My family and I got a dog at the Humane Society, way down the hill in the former mining metropolis of friendly Nevada City. The dog came with the name of Humper. The dog won’t come to Fido, or Spot, or Finkelstein. So, Humper’s name has been left unchanged through the fourteen months that we’ve had him, even though the dog really won’t come when he’s called, period, anyway.
One day during Jackalope Hunting Season in the Great Milton Berle Forest, while I was working on my converted Ford Edsel truck, uh, wagoner sort of bush vehicle with a three-and-a-half-inch-lift kit and Reese hitch portable winch -- using Ramjet’s tools and Ramjet’s garage -- Humper ran out into the dirt road after a woman and her dog.
The lady, clad in orange -- vest and orange hat -- was walking east and uphill at a phenomenal clip with her yipping mutt in tow. The dog was wearing an orange vest, too. I dropped my tools, er, Ramjet’s tools, and Ramjet and I ran after Humper. But, before we could arrive at the scene of the, ah, unfolding series of crimes, Humper started to wrestle around with the orange lady’s dog. Unfortunately, while trying to separate the dogs the orange lady fell down, hard, on the frozen ground, and with such force Ramjet later told me that he winced in abject commiseration. Of course, this was the point that I started to plan my retreat.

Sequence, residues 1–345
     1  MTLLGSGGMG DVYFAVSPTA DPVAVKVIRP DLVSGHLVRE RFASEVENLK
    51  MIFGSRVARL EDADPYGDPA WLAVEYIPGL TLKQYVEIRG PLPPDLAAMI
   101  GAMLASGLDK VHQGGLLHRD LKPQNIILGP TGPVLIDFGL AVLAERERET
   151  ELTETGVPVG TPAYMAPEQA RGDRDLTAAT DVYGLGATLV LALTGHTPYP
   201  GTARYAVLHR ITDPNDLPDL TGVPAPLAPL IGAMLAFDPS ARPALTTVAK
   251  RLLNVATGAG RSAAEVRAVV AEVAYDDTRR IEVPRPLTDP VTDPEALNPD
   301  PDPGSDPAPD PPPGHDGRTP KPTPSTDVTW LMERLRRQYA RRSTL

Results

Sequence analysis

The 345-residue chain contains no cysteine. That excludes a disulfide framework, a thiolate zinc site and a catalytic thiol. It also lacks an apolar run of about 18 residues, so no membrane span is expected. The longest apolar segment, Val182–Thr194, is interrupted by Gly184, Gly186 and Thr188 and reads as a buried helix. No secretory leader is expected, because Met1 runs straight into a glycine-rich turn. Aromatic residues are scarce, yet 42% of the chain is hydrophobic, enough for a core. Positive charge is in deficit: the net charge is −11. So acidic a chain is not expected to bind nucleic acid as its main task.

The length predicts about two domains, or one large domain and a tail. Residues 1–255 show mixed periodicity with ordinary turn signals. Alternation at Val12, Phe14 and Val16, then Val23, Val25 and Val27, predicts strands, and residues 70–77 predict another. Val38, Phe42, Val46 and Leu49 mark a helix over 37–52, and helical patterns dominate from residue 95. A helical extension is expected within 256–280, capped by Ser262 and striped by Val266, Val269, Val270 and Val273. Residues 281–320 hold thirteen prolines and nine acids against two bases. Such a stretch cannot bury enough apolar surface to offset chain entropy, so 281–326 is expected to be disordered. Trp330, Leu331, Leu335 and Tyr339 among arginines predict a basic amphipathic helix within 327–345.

At that exact moment, having once been in Naval Intelligence a long time ago, Ramjet started waving his arms around and yelling excitedly at the dog, “Humper. Hump-er. Doggone it, Hump-er.” Though, there is some small disagreement between the two of us over who actually yelled the most idiotic part of this dialogue --
I remember distinctly it was Ramjet, the glorious fool.
The incensed orange woman struggled to her feet, eyes aflame with anger:
She screamed for all the world to bleeping hear: “Hump me, will ya?!” and she booted Humper for all she was worth...
And, when the orange lady came back by twenty minutes later, well, we all hid in the woods. -- from Of Jackalopes and Househusbands by Kevin O'Kendley
"In 1621, the Plymouth colonists and Wampanoag Indians shared an autumn harvest feast (in Massachusetts) that is acknowledged today as one of the first Thanksgiving celebrations in the colonies." - History.com/ Google
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